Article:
From Simmering To Saucing: Techniques For Using A Saucepan



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A Saucepan is pretty straightforward to use. Many cooking methods can be associated with it. They are highly popular for liquids like pasta sauce, oatmeal, stews, and others. Saucepans online come in several metals: stainless steel, aluminium, enamel-coated metal, and copper. However, the stainless steel option is usually considered to be the safest and is highly popular.

Let us categorize some techniques for using a saucepan.

Using A Saucepan


Simmering is a commonly used technique in daily cooking with a saucepan. Simmering means boiling a liquid at a low temperature — ideally a soup. There are steps to do it. First, put the liquid to a full boil, then stir for a while, put the flame to medium, and keep it that way for a couple of minutes. Finally, lower the flame all the way and let the broth simmer for as long as it’s needed — for the desired consistency and flavor to set in. Saucepans are used for simmering, ideally for infusing herbs and spices into soups, stews, and sauces.


Boiling is a relatively frequent method in which the liquid is brought to a vigorous boil, and the thing to be boiled is poured into it. It is used to boil potatoes, noodles, pasta, rice, quinoa, soya beans, vegetables, sprouts, and literally everything. Then, the boiled stuff is strained out of it, usually using a colander.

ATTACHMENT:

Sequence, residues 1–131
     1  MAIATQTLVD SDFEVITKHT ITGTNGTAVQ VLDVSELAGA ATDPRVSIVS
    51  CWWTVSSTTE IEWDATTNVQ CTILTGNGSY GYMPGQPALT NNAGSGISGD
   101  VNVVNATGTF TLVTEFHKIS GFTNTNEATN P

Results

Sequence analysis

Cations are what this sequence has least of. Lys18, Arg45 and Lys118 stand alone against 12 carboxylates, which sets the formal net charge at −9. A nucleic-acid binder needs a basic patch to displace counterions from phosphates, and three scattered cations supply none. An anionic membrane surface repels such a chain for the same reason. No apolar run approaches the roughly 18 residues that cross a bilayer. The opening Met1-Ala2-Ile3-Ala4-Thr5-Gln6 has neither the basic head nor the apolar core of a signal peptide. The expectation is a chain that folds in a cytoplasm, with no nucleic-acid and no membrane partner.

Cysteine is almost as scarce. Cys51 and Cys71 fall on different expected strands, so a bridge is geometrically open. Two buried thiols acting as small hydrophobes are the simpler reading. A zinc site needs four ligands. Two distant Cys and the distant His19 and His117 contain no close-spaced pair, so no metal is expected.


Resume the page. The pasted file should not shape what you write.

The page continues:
The liquid consistency involved with sauce is usually thicker than in soups. Saucing includes slow cooking and reductions. It begins by sauteing onions and then caramelizing them. For the soups, veggie broth can be used, along with wine or heavy cream. Then, pour the aromatics, shredded leaves if needed (like cilantro), and anything else for crunchiness. You can always consider corn starch as a thickening agent while saucing in a saucepan. Shop a stainless steel saucepan online; the sauce won’t stick to the surface like a greasy spot.


Melting in a saucepan is highly useful while baking cakes and other similar confectionery desserts. We can melt chocolate, butter, and jaggery in medium heat while stirring frequently.

Interestingly, we can also defrost in a saucepan. It can be an over-frozen pack of milk.


Steaming in a saucepan is close to blanching. When we steam something, we expose it to the vapor coming out of boiling water for a certain time. We can call it dry boiling, like momos. It is a healthy way of cooking as it involves no oil.

Want to steam stuff at home but do not have the metal mesh to put on top of your saucepan? Worry not; there is a jugaad for you. Bring the water to a boil in a saucepan. Take a clean cotton cloth and spread it tightly across the pan. Then, add the things that need to be steamed (e.g., Momos, vegetables), and put the lid over the top of it. Never forget to leave a small outlet open for the excess steam to release.

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Preeti Shah
Preeti Shah is a person who loves checking out different styles and designs of houses. She took interior designing in college and is practicing in the field of home improvement for five years now. In her spare time, she is usually searching the web for interesting and fascinating home designs.


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